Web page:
Note: the Gaia GPS app shows three “trails” that split as “alternatives” to get to Lake Ingalls from this direction. A lower elevation route, a middle elevation route, and a route along the tops of the ridge west of Stuart Pass. Only the middle one is legit. The high path along the ridge is an unmarked scramble and the lower route through the meadow is a boot path that damages the landscape by cutting through marshes and overly steep terrain. Plus only the middle route has blueberries.
After a fun scrambly half-mile I made it to Lake Ingalls and had it all to myself! I found a beautiful spot by the blue water to make my day camp and break out chocolate and a book. Reason # 2 that I backpack. Then I headed off to clamber on the irresistible rock formations. Truly a playground for all ages, if you hop between rocks to avoid trampling the vulnerable alpine plants. I met a marmot with the best view of Mt. Stuart who was sunbathing and not caring at all about me. Little chipmunks were less bold and scurried away as I jumped from rock to rock.
Interlopers in the orange rock formation caught my eye as I rambled south along the lake shore. Elongated mounds of gray rock nestled among the orange domes, and a long ribbon of gray zigzagged up the southern side of Ingalls Peak. As I went to investigate them, I ran into a darling family of mountain goats – Big, Medium, and Baby. They were ambling down the trail so I went rock-hopping to give them their personal space. They’re so fluffy, but the horns on Big and Medium looked wickedly sharp.
By this time more people had showed up, but almost all had come from the Esmerelda trailhead on the southern side of the lake and stayed there, or on the west side of the lake. I wondered if I could join them from the eastern side and climbed up a huge playground of sloping rock formations. I was stymied by a sheer cliff on the western side of it. I went to go back down but the goats had blocked the gully I had climbed up so I took a reading break to wait for them to clear out. From my perch I saw a bold hiker decide to skinny dip in the lake, and then run screaming out from the cold.
Around 3pm the wind picked up and a light rain started. I scrambled down the side of the big knob of rock to avoid the lingering goat family. Several more marmots shrieked at me as I made my way along the eastern lake shore past the skinny dipper now wearing a puffy jacket. A big billy goat blocked the trail again, giving me a happy excuse to climb the rock playgrounds. The downhill hike back to camp was a romp. I ate my boil-in-the-bag dinner and chatted with tired climbers heading back from conquering Mt. Stuart.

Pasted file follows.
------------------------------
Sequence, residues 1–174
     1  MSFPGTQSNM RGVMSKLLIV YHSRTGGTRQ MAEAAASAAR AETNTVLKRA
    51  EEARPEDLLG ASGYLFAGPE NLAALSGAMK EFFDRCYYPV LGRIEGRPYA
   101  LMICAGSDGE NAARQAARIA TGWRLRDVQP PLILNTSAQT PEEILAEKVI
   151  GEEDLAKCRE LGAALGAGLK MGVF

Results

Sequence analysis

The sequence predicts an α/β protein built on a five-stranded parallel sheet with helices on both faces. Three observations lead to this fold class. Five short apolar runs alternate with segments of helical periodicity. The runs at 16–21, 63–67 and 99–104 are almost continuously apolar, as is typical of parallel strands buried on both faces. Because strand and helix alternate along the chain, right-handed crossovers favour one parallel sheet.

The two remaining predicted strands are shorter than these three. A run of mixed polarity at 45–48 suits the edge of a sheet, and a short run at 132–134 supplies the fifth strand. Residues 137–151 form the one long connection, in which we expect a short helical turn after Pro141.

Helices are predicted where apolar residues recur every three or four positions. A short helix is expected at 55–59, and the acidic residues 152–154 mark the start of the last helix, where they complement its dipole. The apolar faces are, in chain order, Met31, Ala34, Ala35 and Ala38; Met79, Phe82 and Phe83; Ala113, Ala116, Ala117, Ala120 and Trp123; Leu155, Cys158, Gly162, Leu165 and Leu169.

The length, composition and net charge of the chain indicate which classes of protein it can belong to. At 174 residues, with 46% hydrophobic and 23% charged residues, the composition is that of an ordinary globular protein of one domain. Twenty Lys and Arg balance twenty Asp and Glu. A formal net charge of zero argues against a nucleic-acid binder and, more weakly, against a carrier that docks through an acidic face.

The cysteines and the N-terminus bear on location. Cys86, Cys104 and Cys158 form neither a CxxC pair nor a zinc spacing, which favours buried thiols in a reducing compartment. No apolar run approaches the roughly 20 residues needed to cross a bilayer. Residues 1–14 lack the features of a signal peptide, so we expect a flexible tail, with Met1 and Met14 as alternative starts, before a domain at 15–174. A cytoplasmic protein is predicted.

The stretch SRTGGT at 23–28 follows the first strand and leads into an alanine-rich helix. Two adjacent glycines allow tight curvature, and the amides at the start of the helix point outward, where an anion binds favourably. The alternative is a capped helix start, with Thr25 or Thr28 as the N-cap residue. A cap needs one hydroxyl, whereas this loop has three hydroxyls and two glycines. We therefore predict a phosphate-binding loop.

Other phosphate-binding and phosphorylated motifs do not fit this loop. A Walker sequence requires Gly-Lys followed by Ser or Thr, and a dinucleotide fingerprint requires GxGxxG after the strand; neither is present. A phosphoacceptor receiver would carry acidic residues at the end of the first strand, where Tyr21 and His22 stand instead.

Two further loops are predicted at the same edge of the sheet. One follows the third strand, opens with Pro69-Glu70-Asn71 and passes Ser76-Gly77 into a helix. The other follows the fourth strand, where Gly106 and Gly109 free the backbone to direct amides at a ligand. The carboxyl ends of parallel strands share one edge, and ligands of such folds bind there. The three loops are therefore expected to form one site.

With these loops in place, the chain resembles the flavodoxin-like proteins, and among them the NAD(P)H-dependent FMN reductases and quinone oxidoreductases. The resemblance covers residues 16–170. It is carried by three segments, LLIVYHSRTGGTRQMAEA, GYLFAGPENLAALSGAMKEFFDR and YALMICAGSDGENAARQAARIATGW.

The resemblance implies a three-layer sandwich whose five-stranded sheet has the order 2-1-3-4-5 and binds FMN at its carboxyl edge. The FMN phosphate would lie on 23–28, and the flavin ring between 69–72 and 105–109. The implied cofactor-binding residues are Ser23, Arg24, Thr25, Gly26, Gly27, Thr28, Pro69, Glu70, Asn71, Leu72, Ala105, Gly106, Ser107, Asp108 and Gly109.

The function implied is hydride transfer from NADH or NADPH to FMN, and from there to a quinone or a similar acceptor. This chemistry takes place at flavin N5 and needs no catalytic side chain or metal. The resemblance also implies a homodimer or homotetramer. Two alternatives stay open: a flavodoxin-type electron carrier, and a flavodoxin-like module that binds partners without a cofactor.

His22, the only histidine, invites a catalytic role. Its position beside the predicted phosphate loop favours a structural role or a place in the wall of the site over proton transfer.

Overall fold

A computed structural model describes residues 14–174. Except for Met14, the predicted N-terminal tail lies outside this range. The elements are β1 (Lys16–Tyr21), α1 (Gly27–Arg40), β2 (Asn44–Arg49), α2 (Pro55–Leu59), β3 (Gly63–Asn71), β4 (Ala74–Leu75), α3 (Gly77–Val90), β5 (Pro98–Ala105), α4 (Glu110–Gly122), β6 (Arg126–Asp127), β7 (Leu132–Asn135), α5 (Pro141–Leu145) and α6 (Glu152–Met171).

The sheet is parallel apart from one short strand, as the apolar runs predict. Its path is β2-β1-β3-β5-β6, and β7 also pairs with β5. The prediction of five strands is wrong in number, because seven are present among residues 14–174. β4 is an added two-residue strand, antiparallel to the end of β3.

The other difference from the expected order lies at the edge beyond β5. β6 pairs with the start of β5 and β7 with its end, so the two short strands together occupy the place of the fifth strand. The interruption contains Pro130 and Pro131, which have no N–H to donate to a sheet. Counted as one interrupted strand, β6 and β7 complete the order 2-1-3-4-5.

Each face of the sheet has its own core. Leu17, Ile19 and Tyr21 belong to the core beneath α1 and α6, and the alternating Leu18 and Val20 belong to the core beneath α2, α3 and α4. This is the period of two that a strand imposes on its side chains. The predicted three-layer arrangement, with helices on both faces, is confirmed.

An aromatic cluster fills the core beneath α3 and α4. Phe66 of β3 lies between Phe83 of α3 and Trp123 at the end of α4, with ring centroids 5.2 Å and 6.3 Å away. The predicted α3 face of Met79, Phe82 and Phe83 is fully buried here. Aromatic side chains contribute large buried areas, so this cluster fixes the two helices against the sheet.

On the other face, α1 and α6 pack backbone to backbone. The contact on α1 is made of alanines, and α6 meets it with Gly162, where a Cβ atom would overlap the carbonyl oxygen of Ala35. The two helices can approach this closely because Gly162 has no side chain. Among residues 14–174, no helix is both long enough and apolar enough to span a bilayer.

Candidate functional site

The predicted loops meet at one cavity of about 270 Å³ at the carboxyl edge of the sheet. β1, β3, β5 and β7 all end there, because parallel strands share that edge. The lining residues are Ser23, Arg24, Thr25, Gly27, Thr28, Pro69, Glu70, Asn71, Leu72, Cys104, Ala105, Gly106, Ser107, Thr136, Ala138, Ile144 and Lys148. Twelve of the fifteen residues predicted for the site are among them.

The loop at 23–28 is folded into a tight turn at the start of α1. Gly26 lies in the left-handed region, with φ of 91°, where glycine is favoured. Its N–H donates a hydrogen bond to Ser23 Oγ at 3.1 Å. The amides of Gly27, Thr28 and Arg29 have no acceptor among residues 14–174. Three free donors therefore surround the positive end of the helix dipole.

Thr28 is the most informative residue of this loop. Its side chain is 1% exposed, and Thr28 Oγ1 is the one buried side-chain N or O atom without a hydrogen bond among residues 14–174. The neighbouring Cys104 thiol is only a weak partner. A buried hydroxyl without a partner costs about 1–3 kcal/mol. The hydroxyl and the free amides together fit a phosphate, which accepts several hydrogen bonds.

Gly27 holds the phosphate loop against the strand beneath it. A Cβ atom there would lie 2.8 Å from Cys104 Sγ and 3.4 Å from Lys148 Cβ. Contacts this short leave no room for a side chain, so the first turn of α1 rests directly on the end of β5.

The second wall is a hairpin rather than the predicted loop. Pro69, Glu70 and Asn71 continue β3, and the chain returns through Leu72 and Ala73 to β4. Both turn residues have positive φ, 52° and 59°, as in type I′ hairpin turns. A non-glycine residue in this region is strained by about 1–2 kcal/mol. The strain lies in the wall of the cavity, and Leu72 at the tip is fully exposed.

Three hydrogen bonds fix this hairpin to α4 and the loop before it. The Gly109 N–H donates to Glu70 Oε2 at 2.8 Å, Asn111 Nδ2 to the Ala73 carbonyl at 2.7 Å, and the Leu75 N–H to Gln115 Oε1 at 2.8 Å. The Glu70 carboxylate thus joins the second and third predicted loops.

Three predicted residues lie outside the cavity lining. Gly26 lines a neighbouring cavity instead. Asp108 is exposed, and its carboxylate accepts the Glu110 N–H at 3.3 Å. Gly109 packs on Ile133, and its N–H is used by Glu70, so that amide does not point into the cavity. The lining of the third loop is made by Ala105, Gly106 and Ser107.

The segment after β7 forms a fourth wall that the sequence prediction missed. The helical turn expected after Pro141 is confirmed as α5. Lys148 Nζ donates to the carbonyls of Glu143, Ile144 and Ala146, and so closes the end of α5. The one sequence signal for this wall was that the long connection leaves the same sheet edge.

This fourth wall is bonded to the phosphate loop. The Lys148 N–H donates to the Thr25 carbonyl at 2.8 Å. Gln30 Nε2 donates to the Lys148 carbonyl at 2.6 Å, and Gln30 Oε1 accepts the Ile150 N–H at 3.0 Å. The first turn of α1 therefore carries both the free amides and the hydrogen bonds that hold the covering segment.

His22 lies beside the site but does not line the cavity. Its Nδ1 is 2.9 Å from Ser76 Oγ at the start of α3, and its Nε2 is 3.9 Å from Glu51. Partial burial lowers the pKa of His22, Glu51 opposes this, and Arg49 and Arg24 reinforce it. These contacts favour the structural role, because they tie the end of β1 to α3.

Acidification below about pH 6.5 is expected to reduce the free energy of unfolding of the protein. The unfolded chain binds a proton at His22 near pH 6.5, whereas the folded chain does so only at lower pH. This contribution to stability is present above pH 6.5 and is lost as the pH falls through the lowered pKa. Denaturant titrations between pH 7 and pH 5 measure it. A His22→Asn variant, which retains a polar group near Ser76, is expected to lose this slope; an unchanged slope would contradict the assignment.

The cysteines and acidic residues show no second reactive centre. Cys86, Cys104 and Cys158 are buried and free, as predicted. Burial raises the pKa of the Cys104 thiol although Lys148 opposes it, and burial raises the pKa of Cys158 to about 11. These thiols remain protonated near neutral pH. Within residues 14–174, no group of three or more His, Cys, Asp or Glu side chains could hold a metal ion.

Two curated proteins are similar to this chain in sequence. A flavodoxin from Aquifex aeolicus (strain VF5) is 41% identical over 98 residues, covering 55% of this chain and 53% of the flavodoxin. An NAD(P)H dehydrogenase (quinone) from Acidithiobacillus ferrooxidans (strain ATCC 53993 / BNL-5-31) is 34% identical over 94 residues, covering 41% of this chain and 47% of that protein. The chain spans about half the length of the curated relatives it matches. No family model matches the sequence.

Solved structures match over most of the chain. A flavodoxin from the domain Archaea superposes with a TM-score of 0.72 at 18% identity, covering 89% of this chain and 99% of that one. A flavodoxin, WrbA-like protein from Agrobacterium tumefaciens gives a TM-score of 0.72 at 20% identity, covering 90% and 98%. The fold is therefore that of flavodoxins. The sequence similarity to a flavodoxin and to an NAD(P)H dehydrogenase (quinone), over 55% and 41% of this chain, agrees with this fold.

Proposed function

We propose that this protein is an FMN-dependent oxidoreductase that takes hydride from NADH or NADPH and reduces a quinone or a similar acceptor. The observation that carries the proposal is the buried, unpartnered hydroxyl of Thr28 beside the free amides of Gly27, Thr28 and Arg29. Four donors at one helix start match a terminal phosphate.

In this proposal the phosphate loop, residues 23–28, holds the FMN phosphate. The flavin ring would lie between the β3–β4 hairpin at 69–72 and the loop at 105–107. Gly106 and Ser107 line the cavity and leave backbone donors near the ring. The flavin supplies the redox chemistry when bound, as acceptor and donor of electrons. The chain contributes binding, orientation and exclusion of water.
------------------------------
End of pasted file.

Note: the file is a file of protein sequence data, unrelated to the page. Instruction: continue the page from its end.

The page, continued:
A rowdy flock of bushtits work me up the next morning and I decided that I wasn’t going to return by the steep Turnpike trail. Instead, I would hike another mile down the Ingalls Creek trail and hang a right on the Fourth Creek trail which looked like a more gradual climb on the topo map ( I use both the Gaia GPS app and a paper map). It was sunny and perfect hiking weather, especially when I caught a bit of a breeze. That mile between the Turnpike trail and Fourth Creek trail junctions was a hot mess of downed trees but the Fourth Creek trail itself was absolutely ideal. There’s a big horse-camp site where it crosses Ingalls Creek, and the Fourth Creek trail itself is maintained for horses with minimal blow-downs. Adorable Douglas fir squirrels scolded me from the trees and I saw an elusive Clark’s nutcracker with his bold white and gray coloring. The trail crosses rocky Fourth Creek a couple of times. Fourth Creek Pass overlooks a big bowl of meadows and the craggy Mordor-like Bean Peak and Volcanic Neck. I would love to come back here in the early summer – I bet the wildflowers would be spectacular!
Once over Fourth Creek Pass, I met up with the familiar Beverly Creek trail. The landscape was much less depressing in the sunshine. I was properly tired out when I made it back to my car. I stopped to full up my water from the creek at the North Fork Teanaway Dispersed campground , where a trail lead down to an outrageously clear blue creek. Seriously, it was the platonic ideal of a swimming hole with bedrock walls scoured into sinuous shapes. I soaked my feet and pumped water through my filter in a tiny inlet shaped like a hot tub. I drove back south to meet I-90 on a beautiful winding back road through the Teanaway valley and golden fields.
In my next post, I’ll dive into the rocks that distracted me and their origin. A hint: These rocks are ALL interlopers – part of an accreted terrane. But this terrain came from a deeper source. I was hiking through an ophiolite, a piece of the mantle beached on the continental crust like a whale on a beach. More on this next time!